Thursday, June 16, 2011

ReadWriteLock’s on Collections

Many people don’t realize that Collections.synchronized* causes an exclusive monitor lock to be held in every method called on the specified Collection object. For example:

final List<Integer> list = Collections.synchronizedList(new ArrayList<Integer>());

Thread th1 = new Thread(new Runnable() {
    public void run() {
        for(int i = 0; i < Integer.MAX_VALUE; i++) {

Runnable reader = new Runnable() {
    public void run() {
        for(int i = 0; i < Integer.MAX_VALUE; i++) {

Thread th2 = new Thread(reader);
Thread th3 = new Thread(reader);
Thread th4 = new Thread(reader);

I am well aware that the code for reading is very bad, but it serves the point. Four Threads, one writing to a synchronized Collection, the others reading from it. This as such is not a problem: writing to a Collection should only ever be done by one thread at a time, while no other threads are reading. However, any number of threads can read from the Collection at the same time. Collections.synchronized* acquires an exclusive lock for both read and write methods, so: only one thread will be allowed to access the Collection at a time.

The Solution
Solution 1 : Use ReentrantReadWriteLock
Use a ReentrantReadWriteLock, which allows any number of Read locks at a time, but only one Write lock (and no Read locks while a Write lock is held).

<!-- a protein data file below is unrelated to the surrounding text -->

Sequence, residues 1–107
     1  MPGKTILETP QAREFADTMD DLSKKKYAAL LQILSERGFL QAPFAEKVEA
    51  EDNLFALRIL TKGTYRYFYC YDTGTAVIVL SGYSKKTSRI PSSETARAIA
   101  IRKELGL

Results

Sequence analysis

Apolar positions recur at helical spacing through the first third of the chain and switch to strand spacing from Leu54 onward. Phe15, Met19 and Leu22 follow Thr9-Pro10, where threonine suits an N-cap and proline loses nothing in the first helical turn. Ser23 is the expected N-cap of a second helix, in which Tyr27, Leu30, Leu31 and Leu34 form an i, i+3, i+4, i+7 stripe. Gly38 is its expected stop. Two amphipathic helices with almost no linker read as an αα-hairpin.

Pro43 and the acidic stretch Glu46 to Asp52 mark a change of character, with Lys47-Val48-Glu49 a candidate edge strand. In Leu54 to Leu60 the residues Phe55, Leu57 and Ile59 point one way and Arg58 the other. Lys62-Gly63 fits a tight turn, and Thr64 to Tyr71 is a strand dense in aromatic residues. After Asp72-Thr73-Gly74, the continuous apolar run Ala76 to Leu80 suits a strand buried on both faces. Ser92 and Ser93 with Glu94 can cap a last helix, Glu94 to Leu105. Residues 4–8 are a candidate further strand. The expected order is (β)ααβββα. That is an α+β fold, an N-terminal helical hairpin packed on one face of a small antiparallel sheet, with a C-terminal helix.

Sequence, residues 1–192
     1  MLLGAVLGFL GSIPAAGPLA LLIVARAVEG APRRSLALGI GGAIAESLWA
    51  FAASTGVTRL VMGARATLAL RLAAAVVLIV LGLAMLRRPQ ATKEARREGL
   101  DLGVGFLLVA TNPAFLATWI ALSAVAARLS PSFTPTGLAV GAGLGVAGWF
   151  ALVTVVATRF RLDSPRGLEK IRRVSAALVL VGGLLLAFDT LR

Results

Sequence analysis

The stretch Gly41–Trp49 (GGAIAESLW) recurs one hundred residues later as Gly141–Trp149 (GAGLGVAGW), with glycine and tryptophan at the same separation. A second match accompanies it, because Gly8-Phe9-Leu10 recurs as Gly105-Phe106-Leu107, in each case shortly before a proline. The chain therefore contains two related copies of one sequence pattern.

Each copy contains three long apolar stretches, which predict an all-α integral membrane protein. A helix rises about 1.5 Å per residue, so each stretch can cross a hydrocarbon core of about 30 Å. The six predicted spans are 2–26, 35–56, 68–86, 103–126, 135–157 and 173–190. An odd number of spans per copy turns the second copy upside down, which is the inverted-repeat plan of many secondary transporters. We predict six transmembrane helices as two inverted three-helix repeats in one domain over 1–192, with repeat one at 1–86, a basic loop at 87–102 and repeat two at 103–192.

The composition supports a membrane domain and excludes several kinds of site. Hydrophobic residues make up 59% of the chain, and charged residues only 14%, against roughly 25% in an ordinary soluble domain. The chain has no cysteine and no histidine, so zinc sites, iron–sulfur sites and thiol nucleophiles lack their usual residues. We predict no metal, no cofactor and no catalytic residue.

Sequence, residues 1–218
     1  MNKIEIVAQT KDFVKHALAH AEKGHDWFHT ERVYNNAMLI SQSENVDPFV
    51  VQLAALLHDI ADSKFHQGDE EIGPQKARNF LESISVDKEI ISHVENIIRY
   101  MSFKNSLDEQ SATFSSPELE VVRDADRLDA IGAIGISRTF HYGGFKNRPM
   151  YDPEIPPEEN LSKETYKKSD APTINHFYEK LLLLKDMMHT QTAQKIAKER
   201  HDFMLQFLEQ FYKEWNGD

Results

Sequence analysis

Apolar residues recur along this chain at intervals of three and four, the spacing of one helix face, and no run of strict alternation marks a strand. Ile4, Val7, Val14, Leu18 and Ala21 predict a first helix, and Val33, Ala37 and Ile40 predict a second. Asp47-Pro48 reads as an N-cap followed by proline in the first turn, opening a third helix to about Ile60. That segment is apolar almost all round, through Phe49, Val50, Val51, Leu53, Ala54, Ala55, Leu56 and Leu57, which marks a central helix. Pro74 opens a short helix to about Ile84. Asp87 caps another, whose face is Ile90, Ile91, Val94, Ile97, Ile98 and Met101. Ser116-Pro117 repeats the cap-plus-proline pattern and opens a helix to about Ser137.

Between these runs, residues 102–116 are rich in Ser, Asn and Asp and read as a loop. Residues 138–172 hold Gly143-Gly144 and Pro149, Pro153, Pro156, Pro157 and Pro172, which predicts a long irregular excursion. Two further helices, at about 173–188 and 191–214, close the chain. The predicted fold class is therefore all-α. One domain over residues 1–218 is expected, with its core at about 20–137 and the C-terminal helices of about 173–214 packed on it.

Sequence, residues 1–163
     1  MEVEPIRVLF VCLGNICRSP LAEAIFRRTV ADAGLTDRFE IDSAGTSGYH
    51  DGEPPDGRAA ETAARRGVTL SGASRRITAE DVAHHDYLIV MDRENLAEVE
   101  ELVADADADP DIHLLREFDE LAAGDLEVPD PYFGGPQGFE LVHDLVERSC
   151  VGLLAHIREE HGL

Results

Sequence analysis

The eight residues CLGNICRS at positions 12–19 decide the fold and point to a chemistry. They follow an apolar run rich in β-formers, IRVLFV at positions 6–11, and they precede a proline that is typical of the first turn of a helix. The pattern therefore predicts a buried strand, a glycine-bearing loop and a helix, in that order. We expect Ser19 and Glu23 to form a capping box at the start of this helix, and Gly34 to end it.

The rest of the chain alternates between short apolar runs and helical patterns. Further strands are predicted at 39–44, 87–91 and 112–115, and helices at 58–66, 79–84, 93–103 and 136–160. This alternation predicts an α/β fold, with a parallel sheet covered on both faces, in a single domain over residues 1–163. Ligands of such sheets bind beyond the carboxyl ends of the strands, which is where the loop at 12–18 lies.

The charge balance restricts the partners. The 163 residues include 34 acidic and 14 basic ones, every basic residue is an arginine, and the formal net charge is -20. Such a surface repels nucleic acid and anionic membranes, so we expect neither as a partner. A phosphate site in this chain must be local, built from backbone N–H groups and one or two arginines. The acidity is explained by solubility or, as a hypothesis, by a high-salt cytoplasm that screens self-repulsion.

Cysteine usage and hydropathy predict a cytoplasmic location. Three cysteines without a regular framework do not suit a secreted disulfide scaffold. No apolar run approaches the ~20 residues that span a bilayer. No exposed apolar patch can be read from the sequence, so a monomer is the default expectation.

There is an even more efficient way to make a Collection thread safe: use an inherently thread-safe collection. Just take a look in java.util.concurrent, and you’ll see that Java comes packed with plenty of them. You will need to decide which method is preferred for what you are doing. Take into account:
  • How many reads vs. how many writes
  • How large is the collection
  • How fast does the code need to execute
  • How often will the collection actually be accessed
Solution 2 : Use Concurrent datastructures
Use the concurrent datastructures provided by java.util.concurrent. They are extremely good and suffice for 95% of the time. So rather than using your locks use the already provided implementation and rock in the world of concurrency.

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